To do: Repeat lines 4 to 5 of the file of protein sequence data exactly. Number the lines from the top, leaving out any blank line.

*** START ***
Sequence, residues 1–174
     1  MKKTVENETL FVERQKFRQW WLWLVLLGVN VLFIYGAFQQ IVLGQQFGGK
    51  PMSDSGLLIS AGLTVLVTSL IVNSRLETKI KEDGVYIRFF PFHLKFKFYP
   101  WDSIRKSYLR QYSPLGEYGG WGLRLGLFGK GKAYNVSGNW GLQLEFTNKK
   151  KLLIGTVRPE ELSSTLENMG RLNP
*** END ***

   101  WDSIRKSYLR QYSPLGEYGG WGLRLGLFGK GKAYNVSGNW GLQLEFTNKK
   151  KLLIGTVRPE ELSSTLENMG RLNP